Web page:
Sensory and nervous system

Central nervous system Fish typically have quite small brains relative to body size compared with other vertebrates, typically one-fifteenth the brain mass of a similarly sized bird or mammal.[23] However, some fish have relatively large brains, most notably mormyrids and sharks, which have brains about as massive relative to body weight as birds and marsupials.[24] Fish brains are divided into several regions. At the front are the olfactory lobes, a pair of structures that receive and process signals from the nostrils via the two olfactory nerves.[23] The olfactory lobes are very large in fish that hunt primarily by smell, such as hagfish, sharks, and catfish. Behind the olfactory lobes is the two-lobed telencephalon, the structural equivalent to the cerebrum in higher vertebrates. In fish the telencephalon is concerned mostly with olfaction.[23] Together these structures form the forebrain. Connecting the forebrain to the midbrain is the diencephalon (in the diagram, this structure is below the optic lobes and consequently not visible). The diencephalon performs functions associated with hormones and homeostasis.[23] The pineal body lies just above the diencephalon. This structure detects light, maintains circadian rhythms, and controls color changes.[23] The midbrain or mesencephalon contains the two optic lobes. These are very large in species that hunt by sight, such as rainbow trout and cichlids.[23] The hindbrain or metencephalon is particularly involved in swimming and balance.[23] The cerebellum is a single-lobed structure that is typically the biggest part of the brain.[23] Hagfish and lampreys have relatively small cerebellae, while the mormyrid cerebellum is massive and apparently involved in their electrical sense.[23] The brain stem or myelencephalon is the brain's posterior.[23] As well as controlling some muscles and body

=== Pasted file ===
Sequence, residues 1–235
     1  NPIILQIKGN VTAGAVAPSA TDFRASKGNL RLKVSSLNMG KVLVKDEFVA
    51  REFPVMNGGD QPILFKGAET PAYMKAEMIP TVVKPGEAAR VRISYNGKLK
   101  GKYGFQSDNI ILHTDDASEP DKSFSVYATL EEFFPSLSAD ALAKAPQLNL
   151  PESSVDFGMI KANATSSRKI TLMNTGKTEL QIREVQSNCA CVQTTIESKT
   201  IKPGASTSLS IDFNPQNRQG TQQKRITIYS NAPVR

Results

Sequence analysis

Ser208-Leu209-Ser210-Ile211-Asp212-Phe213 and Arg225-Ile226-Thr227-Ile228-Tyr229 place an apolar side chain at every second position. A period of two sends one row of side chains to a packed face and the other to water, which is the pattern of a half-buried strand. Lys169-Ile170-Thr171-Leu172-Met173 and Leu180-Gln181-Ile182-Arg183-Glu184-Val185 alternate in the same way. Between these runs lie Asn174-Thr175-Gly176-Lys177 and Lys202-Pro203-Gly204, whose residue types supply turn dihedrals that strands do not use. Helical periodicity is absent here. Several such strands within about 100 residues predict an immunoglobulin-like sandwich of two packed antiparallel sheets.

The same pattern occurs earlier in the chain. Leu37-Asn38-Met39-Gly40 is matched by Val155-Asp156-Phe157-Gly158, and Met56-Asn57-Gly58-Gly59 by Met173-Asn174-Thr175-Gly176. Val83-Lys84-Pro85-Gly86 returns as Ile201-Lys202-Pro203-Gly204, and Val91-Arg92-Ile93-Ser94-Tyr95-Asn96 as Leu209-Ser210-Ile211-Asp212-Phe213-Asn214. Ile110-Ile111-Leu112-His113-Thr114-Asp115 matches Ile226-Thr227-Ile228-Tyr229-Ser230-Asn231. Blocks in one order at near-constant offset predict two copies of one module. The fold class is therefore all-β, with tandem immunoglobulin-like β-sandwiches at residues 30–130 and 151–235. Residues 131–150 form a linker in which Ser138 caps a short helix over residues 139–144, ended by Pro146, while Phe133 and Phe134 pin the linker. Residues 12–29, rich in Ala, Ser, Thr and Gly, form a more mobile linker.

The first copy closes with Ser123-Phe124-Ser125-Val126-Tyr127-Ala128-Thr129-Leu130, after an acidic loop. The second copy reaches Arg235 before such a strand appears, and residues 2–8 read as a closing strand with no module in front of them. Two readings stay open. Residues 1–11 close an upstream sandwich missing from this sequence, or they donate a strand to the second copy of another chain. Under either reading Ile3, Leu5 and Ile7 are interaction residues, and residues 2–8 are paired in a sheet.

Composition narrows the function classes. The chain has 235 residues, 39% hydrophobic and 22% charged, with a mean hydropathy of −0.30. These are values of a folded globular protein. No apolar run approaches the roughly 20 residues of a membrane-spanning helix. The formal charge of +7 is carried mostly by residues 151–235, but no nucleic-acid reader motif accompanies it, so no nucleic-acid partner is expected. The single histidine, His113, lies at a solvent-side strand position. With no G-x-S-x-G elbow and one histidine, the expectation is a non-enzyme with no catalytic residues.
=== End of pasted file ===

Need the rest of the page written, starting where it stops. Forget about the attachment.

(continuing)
organs, in bony fish at least, the brain stem governs respiration and osmoregulation.[23] Sense organs Most fish possess highly developed sense organs. Nearly all daylight fish have color vision that is at least as good as a human's (see vision in fishes). Many fish also have chemoreceptors that are responsible for extraordinary senses of taste and smell. Although they have ears, many fish may not hear very well. Most fish have sensitive receptors that form the lateral line system, which detects gentle currents and vibrations, and senses the motion of nearby fish and prey.[25] Some fish, such as catfish and sharks, have organs that detect weak electric currents on the order of millivolt.[26] Other fish, like the South American electric fishes Gymnotiformes, can produce weak electric currents, which they use in navigation and social communication. Fish orient themselves using landmarks and may use mental maps based on multiple landmarks or symbols. Fish behavior in mazes reveals that they possess spatial memory and visual discrimination. Vision Main article: Vision in fishes Vision is an important sensory system for most species of fish. Fish eyes are similar to those of terrestrial vertebrates like birds and mammals, but have a more spherical lens. Their retinas generally have both rod cells and cone cells (for scotopic and photopic vision), and most species have colour vision. Some fish can see ultraviolet and some can see polarized light. Amongst jawless fish, the lamprey has well-developed eyes, while the hagfish has only primitive eyespots.[28] Fish vision shows adaptation to their visual environment, for example deep sea fishes have eyes suited to the dark environment. Hearing Main article: Hearing in fishes Hearing is an important sensory system for most species of fish. Fish sense sound using their lateral lines and their ears.